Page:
Unfortunately, overwhelming pressures for commercial exploitation cut the moratorium short. The scientists set up guidelines, based largely on assumptions, all of which have fallen by the wayside as the result of new scientific findings. Instead of tightening the guidelines, our regulators have relaxed them as commercial pressures built up [4].

It does not take a great feat of imagination to see why genetic engineering will accelerate the generation of new viruses and bacteria. I shall explain.

The basic tools of genetic engineering are bacteria, viruses and other genetic parasites that cause diseases and spread drug and antibiotic resistance. All that fall into the hands of genetic engineers are exploited. Genes from dangerous agents, including antibiotic resistance genes, are profusely mixed and matched, or recombined. As every geneticist should know, such recombination of genetic material is one of the main routes to creating new pathogenic strains of bacteria and viruses. The more you recombine, the more chances you get.

Naturally occurring bacteria and genetic parasites are host-specific and respect species barriers, so that the horizontal exchange of genetic material to the genome of unrelated species is kept to a minimum. (Horizontal gene transfer is distinct from the vertical gene transfer that occurs in ordinary reproduction, which results from mating within a species or between closely related species, when genetic material is passed from parent to offspring.) The overwhelming preoccupation of genetic engineering over the past 25 years is to create so-called genetically modified organisms, or GMOs. This involves breaking down species barriers so that genetic material can readily be transferred between species that would never interbreed in nature. In order to do that, they have had to make artificial, genetically modified genetic material, or GM constructs.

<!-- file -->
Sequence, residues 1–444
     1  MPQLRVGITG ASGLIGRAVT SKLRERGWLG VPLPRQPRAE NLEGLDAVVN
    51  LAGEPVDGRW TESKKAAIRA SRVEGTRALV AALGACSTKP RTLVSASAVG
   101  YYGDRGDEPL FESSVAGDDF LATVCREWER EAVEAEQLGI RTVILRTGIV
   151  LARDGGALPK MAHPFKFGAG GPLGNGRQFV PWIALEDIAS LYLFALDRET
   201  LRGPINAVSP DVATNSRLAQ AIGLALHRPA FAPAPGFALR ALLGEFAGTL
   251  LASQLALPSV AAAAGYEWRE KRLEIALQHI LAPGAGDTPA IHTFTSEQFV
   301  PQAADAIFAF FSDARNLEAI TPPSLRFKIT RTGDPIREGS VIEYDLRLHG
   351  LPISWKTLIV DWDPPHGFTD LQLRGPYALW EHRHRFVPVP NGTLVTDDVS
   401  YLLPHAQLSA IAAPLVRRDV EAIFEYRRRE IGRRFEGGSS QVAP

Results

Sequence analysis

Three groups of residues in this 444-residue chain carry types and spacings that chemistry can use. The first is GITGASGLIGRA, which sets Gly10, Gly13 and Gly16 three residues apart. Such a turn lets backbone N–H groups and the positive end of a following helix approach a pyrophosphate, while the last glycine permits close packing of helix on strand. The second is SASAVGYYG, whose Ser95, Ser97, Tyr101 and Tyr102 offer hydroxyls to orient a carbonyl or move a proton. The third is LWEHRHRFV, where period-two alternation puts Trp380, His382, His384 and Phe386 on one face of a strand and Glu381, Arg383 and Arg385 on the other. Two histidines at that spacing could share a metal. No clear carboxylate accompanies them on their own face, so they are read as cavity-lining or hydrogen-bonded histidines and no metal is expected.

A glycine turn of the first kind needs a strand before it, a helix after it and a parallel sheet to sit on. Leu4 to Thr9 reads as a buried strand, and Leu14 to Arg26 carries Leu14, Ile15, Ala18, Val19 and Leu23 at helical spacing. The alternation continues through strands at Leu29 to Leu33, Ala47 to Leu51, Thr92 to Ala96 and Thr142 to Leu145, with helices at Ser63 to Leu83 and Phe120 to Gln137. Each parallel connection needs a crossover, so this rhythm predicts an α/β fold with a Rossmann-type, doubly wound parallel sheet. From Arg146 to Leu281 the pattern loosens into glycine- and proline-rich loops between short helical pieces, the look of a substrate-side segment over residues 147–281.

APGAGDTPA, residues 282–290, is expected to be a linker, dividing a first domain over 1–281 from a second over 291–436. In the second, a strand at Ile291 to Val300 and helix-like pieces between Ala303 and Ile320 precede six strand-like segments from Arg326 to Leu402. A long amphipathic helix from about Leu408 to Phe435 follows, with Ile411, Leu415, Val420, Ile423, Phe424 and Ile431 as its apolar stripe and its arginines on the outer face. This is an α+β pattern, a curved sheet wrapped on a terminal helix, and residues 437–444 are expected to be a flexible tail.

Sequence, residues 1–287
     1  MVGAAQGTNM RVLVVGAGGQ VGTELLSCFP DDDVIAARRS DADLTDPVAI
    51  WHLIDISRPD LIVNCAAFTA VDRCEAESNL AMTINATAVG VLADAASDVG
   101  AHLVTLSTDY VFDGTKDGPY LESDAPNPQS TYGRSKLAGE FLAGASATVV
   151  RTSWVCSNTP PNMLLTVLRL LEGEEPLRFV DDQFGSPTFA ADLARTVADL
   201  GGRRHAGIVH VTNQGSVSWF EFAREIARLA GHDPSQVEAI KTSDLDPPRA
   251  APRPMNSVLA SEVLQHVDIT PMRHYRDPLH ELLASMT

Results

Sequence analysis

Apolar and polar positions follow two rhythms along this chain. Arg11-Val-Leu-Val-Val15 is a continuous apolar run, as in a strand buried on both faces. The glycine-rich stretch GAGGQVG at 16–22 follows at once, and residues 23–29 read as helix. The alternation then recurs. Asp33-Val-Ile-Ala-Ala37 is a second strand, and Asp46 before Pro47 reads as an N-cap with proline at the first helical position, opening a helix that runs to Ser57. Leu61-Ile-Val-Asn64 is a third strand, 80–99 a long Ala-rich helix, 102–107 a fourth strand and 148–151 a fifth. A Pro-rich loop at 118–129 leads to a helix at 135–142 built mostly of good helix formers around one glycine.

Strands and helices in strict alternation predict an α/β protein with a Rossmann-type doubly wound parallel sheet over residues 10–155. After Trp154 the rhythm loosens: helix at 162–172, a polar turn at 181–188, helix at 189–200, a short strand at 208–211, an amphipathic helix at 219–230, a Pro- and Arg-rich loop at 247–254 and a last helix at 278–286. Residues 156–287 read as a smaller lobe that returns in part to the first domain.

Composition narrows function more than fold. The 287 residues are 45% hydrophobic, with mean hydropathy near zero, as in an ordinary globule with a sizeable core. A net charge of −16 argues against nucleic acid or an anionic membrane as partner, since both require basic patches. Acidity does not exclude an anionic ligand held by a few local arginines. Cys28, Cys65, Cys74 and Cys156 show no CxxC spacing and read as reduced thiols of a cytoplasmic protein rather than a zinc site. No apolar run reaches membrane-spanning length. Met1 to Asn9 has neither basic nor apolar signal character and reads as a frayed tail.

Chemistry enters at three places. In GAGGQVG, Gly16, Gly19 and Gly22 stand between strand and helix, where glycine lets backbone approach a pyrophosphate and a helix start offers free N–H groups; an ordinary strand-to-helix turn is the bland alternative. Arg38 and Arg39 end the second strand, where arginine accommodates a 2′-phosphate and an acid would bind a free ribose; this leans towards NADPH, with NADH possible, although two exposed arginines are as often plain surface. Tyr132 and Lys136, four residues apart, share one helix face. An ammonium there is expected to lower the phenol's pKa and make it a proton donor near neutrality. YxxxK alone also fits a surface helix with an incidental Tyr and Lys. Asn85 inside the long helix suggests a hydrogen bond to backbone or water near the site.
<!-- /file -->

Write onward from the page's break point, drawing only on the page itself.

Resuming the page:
Naturally existing genetic material is limited in their ability to successfully cross species barriers. When such genetic material is taken into a cell, it is most likely to be digested to provide energy and building blocks for the cell. In the unlikely event that the genetic material gets into the genome of the cell, other mechanisms can still put it out of action and get rid of it. GM constructs, however, are designed to cross species barriers and to invade genomes. In other words, GM constructs are more likely to transfer horizontally.

Horizontal gene transfer will increase the opportunity for genetic recombination. The GM constructs are already of mixed origins, with base sequences similar to the genetic material of many pathogenic bacteria and viruses. That, again, as every geneticist should know, will greatly increase the probability for genetic recombination, and with a wide assortment of bacteria and viruses.

There is yet another way in which GM constructs will be more likely to recombine. GM constructs are well known to be structurally unstable, as are the GM lines obtained. Structural instability compromises agronomic performance, and raises serious safety concerns, especially with regard to horizontal gene transfer and recombination. I have highlighted this problem for many years, which is well known to practitioners. But they have only just acknowledged this in public.